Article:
Friday, July 1, 2011

What is GST and How it works








Goods and Services Tax (GST) is a broad based tax on the supply of most goods and services consumed in Australia. The GST rate is 10%.


The GST commenced on July 1, 2000. Basic foods, some health services and export are granted GST free.

GST is paid at each step in the supply channel. If your business is a consumer of goods and services then you must pay a 10% tax on the product you buy to operate your business. 

If you are registered for GST, the 10% tax paid (input tax credits) will normally be able to claim back from The Australian Taxation Office (ATO).  As a business owner of goods and services you will need to charge your clients 10% extra on top of your goods and services every time a customer buys from you. This means that GST liability flows along the supply channel, and is actually included in the price paid for by the consumer, who cannot claim the input tax credits.

The liability to pay GST rests on the supplier of the goods and services, not the customer. Therefore, even if you do not include GST on the price of goods and services you provide, you are still liable to pay the 10% tax to the ATO. In other words you as a business owner will in fact be collecting tax on behalf of the government.

The amount of GST that you eventually pay to the ATO is the difference between what you have paid in GST to buy goods and services, and what you have collected in GST from your customers. This reports on a single form called The Business Activity Statement (BAS). Most businesses do this quarterly.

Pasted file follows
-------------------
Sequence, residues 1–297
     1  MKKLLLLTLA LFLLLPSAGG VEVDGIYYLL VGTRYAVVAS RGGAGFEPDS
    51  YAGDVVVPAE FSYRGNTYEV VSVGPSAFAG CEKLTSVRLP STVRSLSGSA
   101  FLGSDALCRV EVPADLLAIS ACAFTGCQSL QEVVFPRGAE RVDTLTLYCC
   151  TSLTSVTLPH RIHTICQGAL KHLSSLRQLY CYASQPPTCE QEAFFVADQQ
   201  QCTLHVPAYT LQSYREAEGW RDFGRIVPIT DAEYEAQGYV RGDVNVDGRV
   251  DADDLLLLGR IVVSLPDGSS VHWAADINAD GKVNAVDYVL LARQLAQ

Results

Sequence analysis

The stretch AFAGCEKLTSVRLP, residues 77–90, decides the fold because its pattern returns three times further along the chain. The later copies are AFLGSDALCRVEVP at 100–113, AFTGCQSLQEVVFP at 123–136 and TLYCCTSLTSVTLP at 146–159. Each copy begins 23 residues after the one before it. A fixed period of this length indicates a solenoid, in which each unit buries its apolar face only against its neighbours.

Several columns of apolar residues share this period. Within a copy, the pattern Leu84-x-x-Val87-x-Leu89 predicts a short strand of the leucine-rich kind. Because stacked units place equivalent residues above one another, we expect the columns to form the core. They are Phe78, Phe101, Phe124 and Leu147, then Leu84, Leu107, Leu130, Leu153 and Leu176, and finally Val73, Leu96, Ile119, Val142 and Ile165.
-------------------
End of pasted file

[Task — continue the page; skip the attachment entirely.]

There are many things to consider when you are starting a small business. Not every business needs to register for GST. You must register for GST if you fulfil both of the following criteria:
  • You are carrying on an enterprise
  • You’re annual turnover will exceed $75,000
Your turnover does not have to reach $75,000; you meet the turnover threshold when it appears you will exceed $75,000. You must also register for GST if you provide taxi travel as part of your business.

If your are a new start up it is best for you to consult with your accountant  to see whether your business situation requires to register for GST.


To Learn more about GST  for your business. Please visit ATO Website:


http://www.ato.gov.au/





2 comments:

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